The Caviar of Lentils
Lentils seem to have a reputation as poor man’s food; a high-protein staple that fills you up on the cheap. But no one would dare to characterize Beluga lentils in this way. Even when cooked, they stay firm and maintain their regal, caviar-like appearance (hence the name), which makes them perfect for salads, appetizers and standalone dishes.
My husband is off tonight taking a Szechuan Chinese cooking class (!), which means one thing: Salmon for dinner. You see, despite his many virtues, Alex is not a huge fan of fish, which means I have to sneak off and get my fish on anytime he’s out of town or is otherwise engaged during the dinner hour. And when considering what to pair with Salmon, beluga lentils were the first thing that popped into my head. Salmon and lentils are a classic French bistro combo, and I’ve had a bag of belugas in the pantry and a single 4 oz fillet of quick-frozen wild salmon waiting patiently in the freezer for exactly this occasion. Oh, when the cat is away, how the mice come out and play…
They may look like caviar, but they’re as easy as pie…
Lentils are a perpetual favorite, since they can cook up from dry in about 30 minutes. The ratio of beluga lentil:water is 1:4, so 4 cups water to 1 cup of lentils would serve 4 people. If you want them al-dente and firm to toss into a salad, cook them for 12-15 minutes. If you want them a little softer to serve as a side dish, cook for 20-30 minutes. As with all dry beans, save the salting until the end of the cooking process, or else you’ll slow it down.
Since I was just cooking for myself, I decided there was no need to make a big huge production. To make beluga lentils for one, I just diced up a quarter of an onion and minced a garlic clove and sauteed them for about 3 minutes in 1 tsp olive oil in my little saucepan. Then, I added 1/4 cup of dried beluga lentils (rinsed), a bay leaf and 1 cup of water. I brought them to a simmer, covered and cooked for 20 minutes. Then I added salt/pepper to taste and simmered for another 5 minutes until the lentils were tender to my liking. I removed the bay leaf, and voila! You can multiply this recipe by as many times as you need to to serve more than just yourself.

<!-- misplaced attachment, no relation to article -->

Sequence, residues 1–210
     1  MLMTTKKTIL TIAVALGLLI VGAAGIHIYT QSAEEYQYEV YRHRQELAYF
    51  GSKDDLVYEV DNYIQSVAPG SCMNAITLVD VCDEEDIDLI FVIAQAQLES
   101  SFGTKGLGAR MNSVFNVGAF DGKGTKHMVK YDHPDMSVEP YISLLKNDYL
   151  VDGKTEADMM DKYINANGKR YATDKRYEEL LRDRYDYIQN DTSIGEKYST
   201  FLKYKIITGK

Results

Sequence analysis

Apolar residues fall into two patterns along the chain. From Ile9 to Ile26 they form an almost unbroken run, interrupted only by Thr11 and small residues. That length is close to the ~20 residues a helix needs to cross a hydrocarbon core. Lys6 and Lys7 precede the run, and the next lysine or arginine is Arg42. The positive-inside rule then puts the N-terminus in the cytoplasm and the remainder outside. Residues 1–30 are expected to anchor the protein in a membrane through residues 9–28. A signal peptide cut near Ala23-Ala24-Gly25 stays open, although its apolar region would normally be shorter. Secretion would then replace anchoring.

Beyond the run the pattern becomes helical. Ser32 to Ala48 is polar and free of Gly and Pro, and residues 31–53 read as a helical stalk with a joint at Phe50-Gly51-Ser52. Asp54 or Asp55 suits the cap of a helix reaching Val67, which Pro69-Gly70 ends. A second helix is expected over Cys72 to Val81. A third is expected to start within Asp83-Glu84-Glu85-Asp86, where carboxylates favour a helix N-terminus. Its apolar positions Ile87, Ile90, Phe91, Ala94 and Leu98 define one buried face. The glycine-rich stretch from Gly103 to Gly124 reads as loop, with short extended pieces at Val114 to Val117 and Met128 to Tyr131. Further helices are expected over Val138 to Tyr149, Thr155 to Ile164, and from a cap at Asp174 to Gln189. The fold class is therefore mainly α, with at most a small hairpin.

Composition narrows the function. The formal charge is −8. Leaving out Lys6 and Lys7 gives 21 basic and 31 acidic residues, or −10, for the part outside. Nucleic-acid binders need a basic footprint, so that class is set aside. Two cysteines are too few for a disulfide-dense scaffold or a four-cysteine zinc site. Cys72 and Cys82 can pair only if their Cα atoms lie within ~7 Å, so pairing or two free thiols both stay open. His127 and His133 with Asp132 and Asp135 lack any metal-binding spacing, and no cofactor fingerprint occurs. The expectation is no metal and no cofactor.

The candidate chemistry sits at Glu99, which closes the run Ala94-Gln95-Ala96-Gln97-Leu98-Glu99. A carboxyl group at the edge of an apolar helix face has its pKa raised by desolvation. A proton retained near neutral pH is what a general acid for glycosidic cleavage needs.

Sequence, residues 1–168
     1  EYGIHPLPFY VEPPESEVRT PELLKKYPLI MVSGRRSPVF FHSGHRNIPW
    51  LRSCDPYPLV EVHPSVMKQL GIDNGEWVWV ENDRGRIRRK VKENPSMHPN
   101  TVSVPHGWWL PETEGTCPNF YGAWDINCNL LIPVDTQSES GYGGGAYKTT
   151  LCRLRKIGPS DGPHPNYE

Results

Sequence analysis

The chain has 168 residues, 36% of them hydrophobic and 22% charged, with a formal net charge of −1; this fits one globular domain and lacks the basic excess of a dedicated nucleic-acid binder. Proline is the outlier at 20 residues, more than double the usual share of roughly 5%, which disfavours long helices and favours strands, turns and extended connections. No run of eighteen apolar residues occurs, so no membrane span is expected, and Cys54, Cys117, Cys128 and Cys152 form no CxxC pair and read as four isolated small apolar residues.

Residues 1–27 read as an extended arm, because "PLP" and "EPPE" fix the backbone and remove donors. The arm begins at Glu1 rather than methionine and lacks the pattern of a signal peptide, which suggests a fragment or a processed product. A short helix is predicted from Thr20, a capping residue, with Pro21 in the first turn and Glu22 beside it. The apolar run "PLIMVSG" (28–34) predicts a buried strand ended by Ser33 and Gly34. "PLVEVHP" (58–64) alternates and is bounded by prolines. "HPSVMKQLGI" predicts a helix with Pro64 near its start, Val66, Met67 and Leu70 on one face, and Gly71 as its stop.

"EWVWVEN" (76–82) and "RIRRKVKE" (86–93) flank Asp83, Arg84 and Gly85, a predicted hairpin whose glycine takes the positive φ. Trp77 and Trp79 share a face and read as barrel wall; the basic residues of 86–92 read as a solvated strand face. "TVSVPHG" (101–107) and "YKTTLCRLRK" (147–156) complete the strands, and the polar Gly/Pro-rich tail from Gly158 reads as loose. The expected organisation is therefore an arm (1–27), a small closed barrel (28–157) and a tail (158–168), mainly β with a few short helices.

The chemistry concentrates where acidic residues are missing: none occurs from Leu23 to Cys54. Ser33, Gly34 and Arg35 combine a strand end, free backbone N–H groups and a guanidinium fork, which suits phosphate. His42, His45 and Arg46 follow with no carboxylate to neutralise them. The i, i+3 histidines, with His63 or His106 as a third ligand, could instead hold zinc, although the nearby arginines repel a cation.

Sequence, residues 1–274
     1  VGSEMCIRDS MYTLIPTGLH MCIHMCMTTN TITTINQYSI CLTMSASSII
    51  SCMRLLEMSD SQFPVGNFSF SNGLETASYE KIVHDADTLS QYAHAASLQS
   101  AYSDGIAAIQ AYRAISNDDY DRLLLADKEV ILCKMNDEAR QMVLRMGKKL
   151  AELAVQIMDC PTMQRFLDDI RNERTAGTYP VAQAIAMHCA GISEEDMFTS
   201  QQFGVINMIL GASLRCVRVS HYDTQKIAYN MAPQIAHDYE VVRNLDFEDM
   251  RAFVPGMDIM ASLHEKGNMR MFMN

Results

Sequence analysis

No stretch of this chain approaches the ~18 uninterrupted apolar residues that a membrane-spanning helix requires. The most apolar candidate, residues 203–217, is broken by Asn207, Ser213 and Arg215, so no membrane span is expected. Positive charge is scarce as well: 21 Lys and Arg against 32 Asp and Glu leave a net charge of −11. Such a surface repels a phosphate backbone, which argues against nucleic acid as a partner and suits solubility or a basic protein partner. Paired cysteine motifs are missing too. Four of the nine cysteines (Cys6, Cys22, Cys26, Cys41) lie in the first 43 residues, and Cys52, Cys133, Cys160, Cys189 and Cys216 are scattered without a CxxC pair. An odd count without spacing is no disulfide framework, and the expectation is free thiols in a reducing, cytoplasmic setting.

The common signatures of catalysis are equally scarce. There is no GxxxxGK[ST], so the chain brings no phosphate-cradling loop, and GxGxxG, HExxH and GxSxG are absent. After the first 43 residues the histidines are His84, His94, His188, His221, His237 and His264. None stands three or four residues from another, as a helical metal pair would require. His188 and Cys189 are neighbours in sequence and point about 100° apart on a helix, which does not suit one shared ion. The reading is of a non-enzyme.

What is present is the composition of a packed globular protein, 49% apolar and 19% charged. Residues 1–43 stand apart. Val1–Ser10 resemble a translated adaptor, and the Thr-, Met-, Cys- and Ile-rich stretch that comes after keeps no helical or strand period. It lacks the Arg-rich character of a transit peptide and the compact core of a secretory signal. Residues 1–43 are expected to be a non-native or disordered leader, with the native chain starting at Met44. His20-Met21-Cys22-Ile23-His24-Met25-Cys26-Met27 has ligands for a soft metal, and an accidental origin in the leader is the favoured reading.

I also decided to steam a side dish of spinach right in that same lentil saucepan so as to avoid dirtying up another pot. (The problem with cooking for one is that you can’t pawn off the dirty dishes on someone else. Best to be economical, then.)
Salmon and Beluga Lentils: A luxurious pairing. Nutritionally speaking.
Belugas are royalty in the lentil kingdom for their nutritional value, as well. They are even higher in protein than many other lentil varieties (which are hardly anything to sneeze at themselves): 13g per 1/4 cup dry, versus 8g for the same size serving of standard green lentils.
Also, 1 cup of cooked Belugas (1/4 cup dry) contains a whopping 9g of fiber. That’s ~35% of the recommended intake for women and ~25% of the recommended intake for men. That same serving size contains 13g of protein and 20% of the daily value for iron–whose relatively poor bioavailability will be greatly enhanced by our genius pairing with the fish. All for a modest 170 calories. The high fiber content is what makes beans in general— and belugas in particular–a very smart carbohydrate choice for people with diabetes, and a very smart overall choice for people with high cholesterol, heart disease or anyone looking to feel fuller on fewer calories.
Belugas and salmon, served atop a bed of spinach, may possibly be the most satisfying and nutritious combinations you can eat for under 500 calories. Assuming you eat your belugas as I did–accompanied by a 4oz fillet of salmon pan seared in 2 tsp of olive oil and 2 cups of spinach, steamed–this modest little meal contains about 450 calories, 36g (!) of protein, 40g carbohydrate (of which 11g is fiber–mostly the cholesterol-lowering kind), a full day’s worth of heart-healthy omega-3 fatty acids, a full day’s worth of Vitamin A, and about 30% of the daily value for iron. As I mentioned earlier, the presence of the fish will help you absorb the relatively large amount of iron in the lentils and the spinach, which would normally not be very bioavailable. This is *a lot* of food and *a lot* of nutrition for not a lot of calories. It is beyond me why any body builder would waste their time with protein shakes or muscle bars when they could eat something this nutrient-dense and delicious to the same effect. And if you’re on a cholesterol-lowering diet, then this is a filling, satisfying meal that was practically made for you.
Oh, and did I mention that the entire meal took me 30 minutes, start to finish? Now *that’s* a luxury!